(CNN) -- Joran van der Sloot goes on trial Friday in Peru, ready to admit to killing a 21-year-old woman while planning to fight more stringent charges that could land him more time in prison, his lawyer said.
About six and a half years ago, the Dutch national was considered the prime suspect in the case of Alabama teenager Natalee Holloway, who vanished while on a graduation trip to the Caribbean island of Aruba. He was arrested twice but never charged in connection with Holloway's disappearance, which is still unsolved.
Yet van der Sloot's trial in another high-profile case, which his lawyer said has a tenuous connection with the Holloway story, is set to go forward Friday.
The 24-year-old is accused of killing Stephany Flores in his Lima hotel room in May 2010. Police say that he took money and bank cards from her wallet and fled to Chile, where he was arrested a few days later.
Van der Sloot was charged last September with "qualified murder" and simple robbery, which together could carry a sentence of up to 30 years in prison. Flores' family later tried -- unsuccessfully -- to convince three judges from the superior court of Lima to impose an even more serious slate of charges that could have included a life sentence.
His attorney, Luis Jimenez Navarro, told InSession on Wednesday that his client "will accept at trial the charge of simple homicide. ... What he will not accept are the aggravated charges."
"We are sure that -- with support from ... experts -- it will be determined that Joran was living in a post-traumatic state during the attack," Navarro said, adding that "psychologists and psychiatrists" will testify at van der Sloot's upcoming trial.
He pointed to the Holloway case, noting that the fatal attack on Flores occurred exactly five years after the Alabama girl went missing. It has been widely reported that van der Sloot killed the woman after he believed she saw something on the Internet relating to Holloway.
"He is a young man ... who has practically lived persecuted for a crime he says he did not commit ... or for a disappearance that he cannot explain," the lawyer said of van der Sloot. "Movies and books have been made ... At that age, and with other characteristics of his psychological profile, ... in that moment, he felt threatened and reacted in a brutal manner."
Jimenez said that he and his client will ask the judges for a 7- to 20-year sentence, "which are the legal sentencing parameters for homicide." He contended his client never planned to "entrap ... the future victim in a casino where there are more than 30 cameras" while he was staying in a room registered under his legal name, and then kill her.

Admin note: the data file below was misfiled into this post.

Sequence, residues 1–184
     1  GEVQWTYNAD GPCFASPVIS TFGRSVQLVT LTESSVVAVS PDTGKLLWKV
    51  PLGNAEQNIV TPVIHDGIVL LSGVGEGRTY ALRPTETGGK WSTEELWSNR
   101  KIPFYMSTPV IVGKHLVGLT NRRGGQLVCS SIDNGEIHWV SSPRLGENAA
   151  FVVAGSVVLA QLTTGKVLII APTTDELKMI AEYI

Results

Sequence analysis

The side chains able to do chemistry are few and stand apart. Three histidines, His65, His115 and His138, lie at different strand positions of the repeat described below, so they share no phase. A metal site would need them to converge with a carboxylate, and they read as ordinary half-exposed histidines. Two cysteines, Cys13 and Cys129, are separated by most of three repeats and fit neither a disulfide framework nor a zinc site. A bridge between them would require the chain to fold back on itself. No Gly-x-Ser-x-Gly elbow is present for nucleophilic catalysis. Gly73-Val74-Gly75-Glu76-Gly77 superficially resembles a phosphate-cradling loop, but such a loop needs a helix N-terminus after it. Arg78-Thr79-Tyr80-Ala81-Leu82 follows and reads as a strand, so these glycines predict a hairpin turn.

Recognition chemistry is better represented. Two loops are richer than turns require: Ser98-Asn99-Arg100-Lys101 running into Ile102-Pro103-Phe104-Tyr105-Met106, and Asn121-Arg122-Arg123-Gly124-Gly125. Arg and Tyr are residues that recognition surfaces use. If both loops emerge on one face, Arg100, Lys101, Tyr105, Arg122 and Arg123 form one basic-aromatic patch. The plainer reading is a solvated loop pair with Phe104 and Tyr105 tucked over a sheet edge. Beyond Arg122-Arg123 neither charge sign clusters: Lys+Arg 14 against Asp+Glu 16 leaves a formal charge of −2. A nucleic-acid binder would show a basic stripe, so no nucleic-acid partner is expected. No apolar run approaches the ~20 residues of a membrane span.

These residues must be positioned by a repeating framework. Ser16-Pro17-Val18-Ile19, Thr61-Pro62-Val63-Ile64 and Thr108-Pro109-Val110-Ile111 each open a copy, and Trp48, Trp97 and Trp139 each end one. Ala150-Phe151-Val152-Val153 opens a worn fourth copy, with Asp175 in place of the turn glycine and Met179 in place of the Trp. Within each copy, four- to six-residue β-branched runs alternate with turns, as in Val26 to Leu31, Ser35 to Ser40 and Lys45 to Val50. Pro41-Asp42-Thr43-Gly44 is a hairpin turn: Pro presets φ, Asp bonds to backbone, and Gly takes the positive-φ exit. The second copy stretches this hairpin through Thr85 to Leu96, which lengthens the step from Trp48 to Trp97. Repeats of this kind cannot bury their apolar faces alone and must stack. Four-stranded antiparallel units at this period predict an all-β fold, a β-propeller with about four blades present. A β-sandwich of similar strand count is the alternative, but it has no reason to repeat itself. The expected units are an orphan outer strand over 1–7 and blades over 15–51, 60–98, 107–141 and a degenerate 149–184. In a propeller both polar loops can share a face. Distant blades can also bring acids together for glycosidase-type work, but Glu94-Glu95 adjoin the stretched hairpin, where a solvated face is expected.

"There was no premeditation," the lawyer argued.
The victim's family, including her father Ricardo Flores, had pushed for stiffer charges and claimed that van der Sloot hasn't looked "remorseful" in court appearances.
"He had an indifferent and prideful attitude. He looks as if he has everything under control. He looks better than when he appeared on TV after he was arrested," Ricardo Flores told CNN last year.
Three judges will preside over Van der Sloot's trial, starting Friday, and there is no jury.
The proceedings will begin with the prosecutor stating the "facts" that have been proven in the case, as well as detailing the alleged crimes committed, according to Peruvian lawyer and University of Oklahoma professor Giovanna Gismondi. Then the lead judge will talk generally about the crime, after which van der Sloot's side will have the floor.
This round of the case could include testimony from the accused, though Navarro said that van der Sloot likely wouldn't give a statement Friday though he may answer questions from judges. The other scheduled trial dates are next Tuesday and Thursday, though the judges could adjust the plans at any time.
Besides the Flores' murder trial, van der Sloot also faces extradition charges to the United States. In June 2010, a federal grand jury in Alabama indicted him on charges of wire fraud and extortion after allegations surfaced that he tried to extort $250,000 from Holloway's mother. He was given a total of $25,000, and authorities believe he used that money to travel to Peru and participate in a poker tournament, where he met Flores.
InSession's Jean Casarez and Mayra Cuevas contributed to this report.